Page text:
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Heart Disease in Women is Very Different From Men

Here’s What You Need to Know

Not enough is being done to prevent and treat heart disease in women. Research in women’s heart health is lacking and too many health professionals take women’s hearts for granted. With heart disease being America’s number one killer, many women are suffering and cutting short the time they have to spend doing things they enjoy with the people they love.

Many women think that heart disease is something that happens to men or is strongly predetermined by their genetics—but that’s just not the case. If you are proactive with your health you can catch issues early enough to prevent and successfully treat heart disease so you can add many years of life to your life.

Stats and facts about heart disease in women

Heart, or cardiovascular, disease includes several diseases affecting the heart or blood vessels. These include heart attacks, heart failure, high blood pressure, coronary artery disease, heart valve problems, and abnormal heart rhythms. Heart disease often looks and feels different in men and women and that’s why women need doctors who know how to approach their unique health needs.
The latest statistics about heart disease in women are alarming:

  • Heart disease is the leading cause of death for women, men, and people of most racial and ethnic groups in the U.S.
  • In the U.S., over 8 million women live with heart disease.
  • Typical heart attack symptoms for women can include chest pain, but unlike men, they often include chest pressure or tightness, nausea or vomiting, shortness of breath, dizziness, or no symptoms at all.
  • Approximately 64% of women who died suddenly of heart disease had no previous symptoms.
  • Women are less likely than men to be prescribed guideline-recommended heart medications.
  • Women get lifesaving procedures less often and later during the course of a heart attack, than men do.
  • Women under the age of 55 are 3 times more likely than men to die after a heart attack.
  • Heart disease is linked to 1 of every 3 deaths of post-menopausal women.
  • Today’s standards in medicine have not been effective in preventing the deaths of approximately 500,000 women every year.

How do you know if you have heart disease?

The American Heart Association recommends screening for heart issues beginning at the age of 20. This means that you should not wait to experience symptoms to check on your heart health. There are some common tests that a preventive cardiologist would order to check if your heart is healthy including a stress test, CT calcium score, and a heart catheterization.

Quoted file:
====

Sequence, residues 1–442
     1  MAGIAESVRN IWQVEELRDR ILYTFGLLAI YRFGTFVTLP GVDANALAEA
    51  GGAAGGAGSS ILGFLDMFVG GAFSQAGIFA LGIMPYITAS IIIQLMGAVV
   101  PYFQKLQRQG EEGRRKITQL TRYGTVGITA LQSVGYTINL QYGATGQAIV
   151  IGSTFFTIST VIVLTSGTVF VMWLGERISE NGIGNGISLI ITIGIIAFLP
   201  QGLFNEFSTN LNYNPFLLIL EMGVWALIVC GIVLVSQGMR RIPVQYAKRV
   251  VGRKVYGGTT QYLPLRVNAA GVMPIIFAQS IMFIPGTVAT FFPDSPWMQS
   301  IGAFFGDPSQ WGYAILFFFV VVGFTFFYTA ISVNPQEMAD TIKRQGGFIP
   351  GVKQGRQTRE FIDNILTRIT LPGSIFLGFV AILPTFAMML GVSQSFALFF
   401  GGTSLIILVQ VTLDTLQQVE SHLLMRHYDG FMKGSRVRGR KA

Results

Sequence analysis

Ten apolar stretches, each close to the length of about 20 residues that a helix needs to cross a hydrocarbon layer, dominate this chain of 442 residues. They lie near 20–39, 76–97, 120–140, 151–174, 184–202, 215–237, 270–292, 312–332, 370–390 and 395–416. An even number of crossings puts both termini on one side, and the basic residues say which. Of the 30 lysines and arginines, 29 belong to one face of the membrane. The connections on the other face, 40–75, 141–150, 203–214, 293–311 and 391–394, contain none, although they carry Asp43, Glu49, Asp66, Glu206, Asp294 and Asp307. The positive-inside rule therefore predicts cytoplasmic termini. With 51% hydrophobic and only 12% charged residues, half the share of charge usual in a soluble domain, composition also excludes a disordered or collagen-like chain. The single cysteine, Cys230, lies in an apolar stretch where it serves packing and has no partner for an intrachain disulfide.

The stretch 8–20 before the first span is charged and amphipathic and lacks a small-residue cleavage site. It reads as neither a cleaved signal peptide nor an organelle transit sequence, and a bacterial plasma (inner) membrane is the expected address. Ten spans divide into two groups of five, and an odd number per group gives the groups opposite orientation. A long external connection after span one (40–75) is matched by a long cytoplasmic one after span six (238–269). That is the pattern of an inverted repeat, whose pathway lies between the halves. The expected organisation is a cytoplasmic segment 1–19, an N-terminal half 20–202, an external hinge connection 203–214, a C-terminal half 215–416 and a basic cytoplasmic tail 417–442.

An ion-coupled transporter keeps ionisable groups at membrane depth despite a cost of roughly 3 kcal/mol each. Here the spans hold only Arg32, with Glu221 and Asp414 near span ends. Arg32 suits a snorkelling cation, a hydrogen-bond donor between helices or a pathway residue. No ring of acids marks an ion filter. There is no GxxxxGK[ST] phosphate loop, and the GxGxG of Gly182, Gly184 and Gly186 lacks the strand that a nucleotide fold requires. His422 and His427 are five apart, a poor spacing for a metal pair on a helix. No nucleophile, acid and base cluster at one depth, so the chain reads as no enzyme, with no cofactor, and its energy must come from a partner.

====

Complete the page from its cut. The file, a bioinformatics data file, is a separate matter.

When getting medical care, women should not focus only on heart disease. There are many areas of health that you should be talking with your doctor about. Click here for 10 questions that every woman should ask their doctor.

Summary

Don’t wait until you feel symptoms to proactively care for your heart and the rest of your body. A preventive women’s health program is the best way to identify potential heart issues early, before they have a chance to do damage. Most importantly, choose a doctor who specializes in heart disease in women to regularly do in-depth evaluations so you don’t become a statistic.
If you want to learn more about preventive cardiology and women’s health, contact us or make an appointment by calling 352-717-0220.

References

Alvarez, N. 2019. Heels vs. Ties: Living with your #1 threat. RI-AL Consulting.

Gaggin, H., and Oseran, A. (2020, October 15). Gender differences in cardiovascular disease: Women are less likely to be prescribed certain heart medications. Harvard Health Publishing. https://www.health.harvard.edu/blog/gender-differences-in-cardiovascular-disease-women-are-less-likely-to-be-prescribed-certain-heart-medications-2020071620553

Harvard Health Publishing. (2019, December 16). Heart attacks in women. https://www.health.harvard.edu/heart-disease/heart-attacks-in-women

Virani, S. S., Alonso, A., Aparicio, H. J., Benjamin, E. J., Bittencourt, M. S., Callaway, C. W., Carson, A. P., Chamberlain, A. M., Cheng, S., Delling, F. N., Elkind, M., Evenson, K. R., Ferguson, J. F., Gupta, D. K., Khan, S. S., Kissela, B. M., Knutson, K. L., Lee, C. D., Lewis, T. T., Liu, J., … American Heart Association Council on Epidemiology and Prevention Statistics Committee and Stroke Statistics Subcommittee (2021). Heart Disease and Stroke Statistics-2021 Update: A Report From the American Heart Association. Circulation, 143(8), e254–e743. https://doi.org/10.1161/CIR.0000000000000950
https://www.ahajournals.org/doi/10.1161/CIR.0000000000000950

Zhao, M., Woodward, M., Vaartjes, I., Millett, E., Klipstein-Grobusch, K., Hyun, K., Carcel, C., & Peters, S. (2020). Sex Differences in Cardiovascular Medication Prescription in Primary Care: A Systematic Review and Meta-Analysis. Journal of the American Heart Association, 9(11), e014742. https://doi.org/10.1161/JAHA.119.014742
https://www.ncbi.nlm.nih.gov/pmc/articles/PMC7429003/

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